What can be learnt about Social Contribution from an Artist at the Forefront of the Music Scene?
On Monday, January 29, 2018, the College of Social Sciences held a special lecture entitled “What can be learnt about social contribution from an artist at the forefront of the music scene?” at Kinugasa Campus in Kyoto. Coordinating the lecture was Ms. Mai Kuraki, singer and Visiting Associate Professor at the College of Social Sciences, Ritsumeikan University (graduate of same college, 2005).
In a musical career spanning close to 20 years, despite being still only 35 years old, with seven No.1 albums, two number one singles and numerous awards and gold discs to her name – including winner of China’s Fresh Asia Chart Award for ‘Most Influential Japanese Singer in Asia (2016)’ – Ms. Kuraki was certainly well qualified to lead the session.
Readers may be familiar with the smooth, lyrical tones of her voice from the hugely popular anime series ‘Detective Conan’ (also known as ‘Case Closed’), for which to date she has contributed a record breaking 21 songs.
The lecture formed part of Ms. Kuraki’s responsibilities as a Visiting Associate Professor and covered a detailed explication of how she was able to develop activities relating to social contribution in parallel with her glittering musical career. Thirty-five students attended, learning in depth about Ms. Kuraki’s social contribution as an artist, as well as her future activities.
In sharing vivid memories of her campus life and subsequent work, in which she described her encounter with the Nobel Peace laureate Wangari Maathai as ‘impossible to miss out’, she spoke of her support for reconstruction from the 2011 Tohoku earthquake and tsunami, the music lessons and terakoya project she has implemented for child education in Cambodia, as well as her activities to convey the appeal of the city she first encountered as a young high school student: Kyoto.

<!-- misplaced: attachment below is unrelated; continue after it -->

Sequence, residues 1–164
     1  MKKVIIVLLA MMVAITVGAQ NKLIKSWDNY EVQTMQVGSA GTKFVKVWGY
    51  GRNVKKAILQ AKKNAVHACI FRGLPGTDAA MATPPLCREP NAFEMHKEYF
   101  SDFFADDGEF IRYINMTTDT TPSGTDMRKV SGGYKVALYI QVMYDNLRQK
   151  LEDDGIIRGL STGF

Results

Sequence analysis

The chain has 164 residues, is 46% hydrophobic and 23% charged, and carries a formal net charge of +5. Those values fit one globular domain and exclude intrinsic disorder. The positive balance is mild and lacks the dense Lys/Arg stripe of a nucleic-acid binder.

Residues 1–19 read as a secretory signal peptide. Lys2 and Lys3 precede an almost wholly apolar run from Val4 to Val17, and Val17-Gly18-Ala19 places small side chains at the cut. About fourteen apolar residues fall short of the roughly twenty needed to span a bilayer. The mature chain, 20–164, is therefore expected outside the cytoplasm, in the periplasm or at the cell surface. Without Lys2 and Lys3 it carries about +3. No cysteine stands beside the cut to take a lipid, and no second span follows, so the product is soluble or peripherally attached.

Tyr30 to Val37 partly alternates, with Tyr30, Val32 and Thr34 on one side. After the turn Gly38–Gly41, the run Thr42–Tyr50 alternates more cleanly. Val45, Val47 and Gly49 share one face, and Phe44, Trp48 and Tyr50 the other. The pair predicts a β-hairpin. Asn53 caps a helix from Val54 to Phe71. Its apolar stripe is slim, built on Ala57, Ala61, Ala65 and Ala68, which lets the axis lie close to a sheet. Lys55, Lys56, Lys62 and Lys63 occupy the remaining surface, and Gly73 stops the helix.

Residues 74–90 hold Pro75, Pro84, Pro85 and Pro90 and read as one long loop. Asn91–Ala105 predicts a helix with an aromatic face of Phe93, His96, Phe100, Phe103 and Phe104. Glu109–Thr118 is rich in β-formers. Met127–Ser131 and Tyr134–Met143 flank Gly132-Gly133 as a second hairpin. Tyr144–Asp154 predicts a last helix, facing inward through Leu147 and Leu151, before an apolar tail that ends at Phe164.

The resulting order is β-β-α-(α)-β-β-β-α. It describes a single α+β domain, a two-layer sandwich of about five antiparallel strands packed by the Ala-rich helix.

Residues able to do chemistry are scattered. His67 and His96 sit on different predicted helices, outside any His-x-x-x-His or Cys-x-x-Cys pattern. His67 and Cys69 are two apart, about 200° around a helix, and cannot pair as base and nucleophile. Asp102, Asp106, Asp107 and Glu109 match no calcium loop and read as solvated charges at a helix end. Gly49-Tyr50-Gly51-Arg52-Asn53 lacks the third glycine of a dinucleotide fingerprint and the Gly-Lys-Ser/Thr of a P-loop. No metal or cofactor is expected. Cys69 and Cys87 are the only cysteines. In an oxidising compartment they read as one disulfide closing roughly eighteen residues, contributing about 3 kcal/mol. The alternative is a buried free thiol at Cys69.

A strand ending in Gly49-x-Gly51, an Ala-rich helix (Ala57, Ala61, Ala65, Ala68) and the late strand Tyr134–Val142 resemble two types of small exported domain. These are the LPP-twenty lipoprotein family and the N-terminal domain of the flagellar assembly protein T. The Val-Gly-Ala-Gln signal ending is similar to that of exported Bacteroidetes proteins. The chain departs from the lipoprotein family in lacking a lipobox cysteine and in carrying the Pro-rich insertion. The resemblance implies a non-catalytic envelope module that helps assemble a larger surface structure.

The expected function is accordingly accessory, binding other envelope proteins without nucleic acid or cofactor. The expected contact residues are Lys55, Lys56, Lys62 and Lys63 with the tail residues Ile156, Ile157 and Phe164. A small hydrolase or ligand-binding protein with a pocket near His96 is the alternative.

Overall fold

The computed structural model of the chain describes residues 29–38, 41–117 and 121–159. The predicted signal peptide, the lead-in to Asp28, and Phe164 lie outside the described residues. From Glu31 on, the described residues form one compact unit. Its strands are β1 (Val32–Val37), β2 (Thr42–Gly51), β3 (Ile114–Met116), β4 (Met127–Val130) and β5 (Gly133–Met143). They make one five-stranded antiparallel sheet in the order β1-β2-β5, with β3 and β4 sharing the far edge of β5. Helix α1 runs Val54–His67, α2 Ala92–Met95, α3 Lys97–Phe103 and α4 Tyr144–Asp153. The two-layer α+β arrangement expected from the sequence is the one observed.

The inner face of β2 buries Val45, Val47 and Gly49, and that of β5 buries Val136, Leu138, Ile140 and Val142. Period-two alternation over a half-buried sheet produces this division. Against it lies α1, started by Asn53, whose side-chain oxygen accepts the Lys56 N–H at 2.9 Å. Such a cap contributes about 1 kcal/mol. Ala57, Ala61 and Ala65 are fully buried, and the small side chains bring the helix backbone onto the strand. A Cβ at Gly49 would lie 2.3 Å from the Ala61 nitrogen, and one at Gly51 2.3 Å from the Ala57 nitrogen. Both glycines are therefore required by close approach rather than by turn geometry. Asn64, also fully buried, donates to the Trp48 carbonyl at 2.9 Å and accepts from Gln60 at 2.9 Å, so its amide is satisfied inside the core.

The room was gripped as she spoke of how she regards some situations as impossible to genuinely understand without direct involvement (that news is no substitute for on the ground lived experience), before moving on to give an insight into what it is to be an artist, active in the public limelight.
Having been appointed Kyoto Travel Ambassador in 2017 by Kyoto City’s Tourism Council, Ms. Kuraki next took the opportunity to challenge the students in groups to come up with new, innovative ideas for promoting the charm and delight of Kyoto based upon the themes: ‘Mai Kuraki’, ‘Music’, and ‘Kyoto’. Ideas from students included: holding a pilgrimage event to visit the locations of scenes from the Japanese manga/TV animation series Detective Conan (also known as Case Closed); broadcasting material aimed at young people on a ‘Mai Kuraki’ YouTube channel, sharing trends from Kyoto based upon Ms. Kuraki’s wealth of experience as an artist and social contributor; and the production of a promotion video introducing a number of must-see sights in Kyoto.
As the session drew to a close, Ms. Kuraki thanked the students, enthusing:
"Your ideas were all fantastic! Now it’s up to me to bring them all together into a concrete form. Today really has been a very special and unique experience for us all to be treasured. And for me on a personal level, it has been time very well spent! It’s in the hope of helping to realize a better world for all that I intend to continue my career in music, which, at the same time, will help to further my social contribution activities too."
She added one final expectation:
"After you graduate and start to work in the world at large, having to decide on an idea or theme and give it expression is something you will find you encounter frequently, and so I hope today has been a catalyst for thinking about the importance of putting your ideas into a comprehensible form."
*(The name of an actual bridge in Kyoto, Arashiyama)